There is no doubt that breastfeeding was a hot topic in 2015 from the rise of the ‘brelfie,’ through to new research, campaigns and photography projects. As we begin 2016, we are taking a look at some of the most popular and interesting breastfeeding stories in our Muse on the News recap of 2015.
It has long been recognised that for those mothers able to breastfeed their babies, second time around is not as difficult as the first time and in 2015 researchers discovered that the mammary gland has a ‘memory’ of being pregnant!
A new analysis found that breastfed babies have a 14% to 19% lower risk of pediatric leukemia, the most common childhood cancer.
Breastfeeding 'could protect babies from autism' claimed scientists behind a new study. Research found babies with a gene mutation that put them at risk of the disorder were more sociable if they were suckled.
Two new studies which focused on diabetes and cancer, found that women who breast-feed cut their risk of diabetes and cancer compared to women who did not breast-feed.
The rise of the ‘brelfie’
Tamara Ecclestone defended her decision to share pictures of herself breastfeeding her daughter Sophia while on holiday.
Model, Nicole Trunfio followed in the footsteps of Angelina Jolie and Jerry Hall by being photographed breastfeeding her baby for the cover of a magazine. The Australian model appeared on the cover of Elle Australia nursing her son, Zion….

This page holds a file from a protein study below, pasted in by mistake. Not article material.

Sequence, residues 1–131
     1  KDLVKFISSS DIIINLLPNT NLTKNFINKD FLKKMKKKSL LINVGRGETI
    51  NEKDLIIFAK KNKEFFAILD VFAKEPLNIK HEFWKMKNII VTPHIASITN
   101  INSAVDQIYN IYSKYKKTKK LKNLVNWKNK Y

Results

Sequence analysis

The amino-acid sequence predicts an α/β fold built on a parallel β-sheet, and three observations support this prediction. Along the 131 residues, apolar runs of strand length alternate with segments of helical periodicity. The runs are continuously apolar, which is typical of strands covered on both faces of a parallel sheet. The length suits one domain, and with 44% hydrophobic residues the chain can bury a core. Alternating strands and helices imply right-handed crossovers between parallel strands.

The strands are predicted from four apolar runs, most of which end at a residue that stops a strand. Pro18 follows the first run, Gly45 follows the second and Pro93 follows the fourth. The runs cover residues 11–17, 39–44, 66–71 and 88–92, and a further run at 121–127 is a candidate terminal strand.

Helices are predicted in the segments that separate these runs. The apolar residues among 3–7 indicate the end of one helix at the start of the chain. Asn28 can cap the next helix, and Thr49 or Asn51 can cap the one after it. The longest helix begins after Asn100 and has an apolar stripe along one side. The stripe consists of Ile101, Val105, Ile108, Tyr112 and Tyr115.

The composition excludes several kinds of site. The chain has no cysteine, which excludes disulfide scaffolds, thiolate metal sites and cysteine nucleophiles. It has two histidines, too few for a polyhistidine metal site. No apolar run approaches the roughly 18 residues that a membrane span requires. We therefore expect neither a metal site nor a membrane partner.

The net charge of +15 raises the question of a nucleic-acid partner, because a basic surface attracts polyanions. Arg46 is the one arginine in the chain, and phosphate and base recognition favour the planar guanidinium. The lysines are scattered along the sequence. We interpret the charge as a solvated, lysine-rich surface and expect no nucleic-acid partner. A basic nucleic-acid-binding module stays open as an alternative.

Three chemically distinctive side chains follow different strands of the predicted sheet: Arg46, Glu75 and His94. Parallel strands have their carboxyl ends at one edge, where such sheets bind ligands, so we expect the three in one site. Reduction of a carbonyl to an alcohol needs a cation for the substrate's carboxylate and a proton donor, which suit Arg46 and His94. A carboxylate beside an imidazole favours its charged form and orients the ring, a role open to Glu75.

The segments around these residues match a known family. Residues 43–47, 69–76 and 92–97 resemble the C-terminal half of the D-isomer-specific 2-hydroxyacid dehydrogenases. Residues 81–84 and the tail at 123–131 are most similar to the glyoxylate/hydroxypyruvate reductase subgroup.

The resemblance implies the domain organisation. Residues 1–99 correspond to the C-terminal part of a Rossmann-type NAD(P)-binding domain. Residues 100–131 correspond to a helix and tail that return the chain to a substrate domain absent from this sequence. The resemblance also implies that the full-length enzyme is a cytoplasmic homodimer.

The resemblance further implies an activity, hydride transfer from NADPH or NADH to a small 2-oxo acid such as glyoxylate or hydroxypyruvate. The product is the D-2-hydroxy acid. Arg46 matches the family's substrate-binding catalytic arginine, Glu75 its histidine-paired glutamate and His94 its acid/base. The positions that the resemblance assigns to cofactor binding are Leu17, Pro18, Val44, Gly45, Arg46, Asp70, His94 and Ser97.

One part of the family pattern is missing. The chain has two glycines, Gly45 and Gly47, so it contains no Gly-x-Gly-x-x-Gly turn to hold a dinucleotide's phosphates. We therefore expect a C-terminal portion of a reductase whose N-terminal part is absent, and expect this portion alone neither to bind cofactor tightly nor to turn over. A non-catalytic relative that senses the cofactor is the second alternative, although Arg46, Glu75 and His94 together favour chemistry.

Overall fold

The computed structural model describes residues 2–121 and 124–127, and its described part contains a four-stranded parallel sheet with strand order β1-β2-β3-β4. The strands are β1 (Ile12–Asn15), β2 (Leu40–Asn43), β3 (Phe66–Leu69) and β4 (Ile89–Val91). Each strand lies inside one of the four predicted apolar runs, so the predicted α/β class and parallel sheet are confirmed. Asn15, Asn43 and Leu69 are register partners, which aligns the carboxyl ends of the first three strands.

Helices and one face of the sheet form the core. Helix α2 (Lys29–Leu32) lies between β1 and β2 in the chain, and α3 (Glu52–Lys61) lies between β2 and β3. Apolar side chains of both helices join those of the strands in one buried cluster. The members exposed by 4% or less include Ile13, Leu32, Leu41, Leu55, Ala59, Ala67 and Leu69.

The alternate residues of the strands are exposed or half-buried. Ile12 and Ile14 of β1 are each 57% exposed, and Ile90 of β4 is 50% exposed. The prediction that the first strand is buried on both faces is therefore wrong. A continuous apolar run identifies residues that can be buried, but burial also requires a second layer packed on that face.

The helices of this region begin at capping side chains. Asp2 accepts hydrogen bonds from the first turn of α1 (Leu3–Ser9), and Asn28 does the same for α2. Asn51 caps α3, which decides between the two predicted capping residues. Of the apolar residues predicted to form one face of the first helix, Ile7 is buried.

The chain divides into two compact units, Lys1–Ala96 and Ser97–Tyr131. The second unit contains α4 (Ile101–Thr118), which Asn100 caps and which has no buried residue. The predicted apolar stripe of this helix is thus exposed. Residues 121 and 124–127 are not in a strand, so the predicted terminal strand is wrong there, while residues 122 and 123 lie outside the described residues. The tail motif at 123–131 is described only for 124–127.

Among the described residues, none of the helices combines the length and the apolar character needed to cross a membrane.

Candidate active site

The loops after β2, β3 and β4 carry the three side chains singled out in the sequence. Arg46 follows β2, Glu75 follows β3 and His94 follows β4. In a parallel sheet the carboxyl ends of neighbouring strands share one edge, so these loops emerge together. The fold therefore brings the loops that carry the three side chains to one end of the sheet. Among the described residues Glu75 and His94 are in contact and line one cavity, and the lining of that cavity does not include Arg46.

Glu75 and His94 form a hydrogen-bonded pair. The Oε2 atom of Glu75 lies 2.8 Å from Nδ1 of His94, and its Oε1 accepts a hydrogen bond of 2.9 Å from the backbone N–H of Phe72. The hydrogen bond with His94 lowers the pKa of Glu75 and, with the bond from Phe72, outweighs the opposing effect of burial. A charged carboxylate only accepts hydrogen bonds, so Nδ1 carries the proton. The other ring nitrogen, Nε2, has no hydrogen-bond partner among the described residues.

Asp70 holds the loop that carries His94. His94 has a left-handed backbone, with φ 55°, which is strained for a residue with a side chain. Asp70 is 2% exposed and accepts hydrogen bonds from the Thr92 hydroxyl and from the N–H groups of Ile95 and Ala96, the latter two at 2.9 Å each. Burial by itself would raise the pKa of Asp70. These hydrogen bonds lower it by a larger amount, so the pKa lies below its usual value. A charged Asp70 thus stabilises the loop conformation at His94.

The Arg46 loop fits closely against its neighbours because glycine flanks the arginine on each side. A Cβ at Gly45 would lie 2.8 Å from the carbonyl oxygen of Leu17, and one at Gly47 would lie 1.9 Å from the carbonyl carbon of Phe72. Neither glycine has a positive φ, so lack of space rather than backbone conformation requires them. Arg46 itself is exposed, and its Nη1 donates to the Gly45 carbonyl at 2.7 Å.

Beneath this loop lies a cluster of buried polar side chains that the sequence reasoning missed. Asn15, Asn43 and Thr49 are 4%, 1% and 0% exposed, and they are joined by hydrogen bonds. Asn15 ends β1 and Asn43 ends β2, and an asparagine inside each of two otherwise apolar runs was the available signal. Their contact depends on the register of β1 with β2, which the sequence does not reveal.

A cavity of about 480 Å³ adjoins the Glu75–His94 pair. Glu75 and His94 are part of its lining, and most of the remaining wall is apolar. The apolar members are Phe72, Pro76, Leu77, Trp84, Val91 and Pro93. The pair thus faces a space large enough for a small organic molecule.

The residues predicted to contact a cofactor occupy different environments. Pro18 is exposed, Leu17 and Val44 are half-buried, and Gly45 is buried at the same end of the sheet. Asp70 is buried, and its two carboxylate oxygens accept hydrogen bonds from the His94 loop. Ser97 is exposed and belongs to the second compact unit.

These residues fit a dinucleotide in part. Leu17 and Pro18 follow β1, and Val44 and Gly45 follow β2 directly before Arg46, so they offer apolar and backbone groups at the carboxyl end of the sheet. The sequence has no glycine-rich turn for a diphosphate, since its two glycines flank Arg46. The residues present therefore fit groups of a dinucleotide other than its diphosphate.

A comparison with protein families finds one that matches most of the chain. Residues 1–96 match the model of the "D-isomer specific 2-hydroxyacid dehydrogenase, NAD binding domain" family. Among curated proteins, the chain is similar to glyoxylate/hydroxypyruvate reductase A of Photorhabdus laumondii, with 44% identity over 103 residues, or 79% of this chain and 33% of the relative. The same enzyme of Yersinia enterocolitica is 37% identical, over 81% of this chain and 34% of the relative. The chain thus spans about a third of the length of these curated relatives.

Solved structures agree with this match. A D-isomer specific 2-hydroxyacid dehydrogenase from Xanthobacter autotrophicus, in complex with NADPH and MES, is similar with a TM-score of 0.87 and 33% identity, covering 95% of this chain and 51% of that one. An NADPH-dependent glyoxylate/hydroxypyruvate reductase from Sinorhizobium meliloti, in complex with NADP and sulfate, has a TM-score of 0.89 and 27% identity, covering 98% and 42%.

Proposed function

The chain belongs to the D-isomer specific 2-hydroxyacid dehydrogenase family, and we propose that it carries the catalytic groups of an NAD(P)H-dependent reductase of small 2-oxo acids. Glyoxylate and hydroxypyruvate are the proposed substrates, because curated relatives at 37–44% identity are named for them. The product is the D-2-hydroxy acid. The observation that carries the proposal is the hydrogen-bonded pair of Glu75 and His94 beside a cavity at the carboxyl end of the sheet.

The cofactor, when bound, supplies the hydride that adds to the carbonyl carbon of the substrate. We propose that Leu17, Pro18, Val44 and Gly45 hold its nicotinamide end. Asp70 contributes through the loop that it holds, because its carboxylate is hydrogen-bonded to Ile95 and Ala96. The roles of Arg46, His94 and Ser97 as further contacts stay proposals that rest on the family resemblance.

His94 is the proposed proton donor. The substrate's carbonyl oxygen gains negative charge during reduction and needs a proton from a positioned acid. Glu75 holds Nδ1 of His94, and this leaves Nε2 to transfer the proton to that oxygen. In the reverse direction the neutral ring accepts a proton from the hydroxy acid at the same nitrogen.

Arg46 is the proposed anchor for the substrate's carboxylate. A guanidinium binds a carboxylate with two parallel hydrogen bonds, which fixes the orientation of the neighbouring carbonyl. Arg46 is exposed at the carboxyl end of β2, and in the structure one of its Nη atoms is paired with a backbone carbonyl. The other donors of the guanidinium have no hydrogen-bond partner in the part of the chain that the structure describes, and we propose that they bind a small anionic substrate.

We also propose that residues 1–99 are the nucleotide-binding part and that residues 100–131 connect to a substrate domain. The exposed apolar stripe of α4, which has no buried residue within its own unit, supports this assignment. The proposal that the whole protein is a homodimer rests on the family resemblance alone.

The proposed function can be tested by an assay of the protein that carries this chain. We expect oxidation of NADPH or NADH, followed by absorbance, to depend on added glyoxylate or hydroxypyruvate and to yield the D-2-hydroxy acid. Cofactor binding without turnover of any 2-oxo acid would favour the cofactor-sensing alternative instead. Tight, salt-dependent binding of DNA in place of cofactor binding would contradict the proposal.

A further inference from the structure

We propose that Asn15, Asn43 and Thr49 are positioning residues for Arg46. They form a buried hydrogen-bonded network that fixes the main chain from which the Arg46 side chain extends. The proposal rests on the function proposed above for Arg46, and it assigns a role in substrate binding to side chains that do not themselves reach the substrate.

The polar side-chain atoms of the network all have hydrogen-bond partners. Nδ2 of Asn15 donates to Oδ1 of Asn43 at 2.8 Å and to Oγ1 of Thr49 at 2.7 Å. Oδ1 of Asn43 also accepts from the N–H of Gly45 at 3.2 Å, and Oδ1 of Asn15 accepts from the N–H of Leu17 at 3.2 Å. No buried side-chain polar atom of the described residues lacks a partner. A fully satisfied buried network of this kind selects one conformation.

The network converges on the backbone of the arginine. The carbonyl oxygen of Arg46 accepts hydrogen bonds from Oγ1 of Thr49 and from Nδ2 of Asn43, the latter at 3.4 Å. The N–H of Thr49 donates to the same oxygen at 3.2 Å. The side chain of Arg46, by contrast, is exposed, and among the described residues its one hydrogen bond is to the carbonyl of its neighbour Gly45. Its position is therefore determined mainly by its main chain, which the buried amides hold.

Instagram updated its community guidelines with more detail on what types of nudity it allows. Instagram has, in the past faced criticism for removing topless photos of women whereas now, the updated guidelines state that photos of "post-mastectomy scarring and women actively breastfeeding" are permitted.
Following the ‘brelfie’, the newest parenting trend is the breast pump selfie. Julia Bradbury joined the list of celebrity mums sharing expressing selfies – using none other than a Medela breastpump!
Raising Awareness of Breastfeeding:
More than 60 breastfeeding mums came together for the Bronx Breastfeeding Coalition’s “Breastfeeding Night with the New York Yankees” – a night aimed at making mothers, families, and other Yankees fans comfortable with the idea of public breastfeeding.
In honour of National Breastfeeding Awareness Month this year, photographer and mum of four, Leilani Rogers recruited over 70 photographers to take pictures of mothers nursing their children in public places including libraries, parks, stadiums and grocery stores.
Over 300 women launched World Breastfeeding Week in Manila by participating in a mass breastfeeding event.
'Nursing is normal' – Ivette Ivens photographed her subjects in outdoor environments as a reminder that breastfeeding is perfectly natural.
A picture of a Tesco employee breastfeeding her poorly son while at work caught social media users' attention. Victoria Williams, 25, from Uttoxeter, took the picture and uploaded it to Facebook to thank colleagues at the town's Tesco supermarket for their support.
A photograph of 10 military women breastfeeding in their uniforms went viral, with people voicing their support for photographer Tara Ruby's attempt to normalise public breastfeeding – particularly for those on active duty.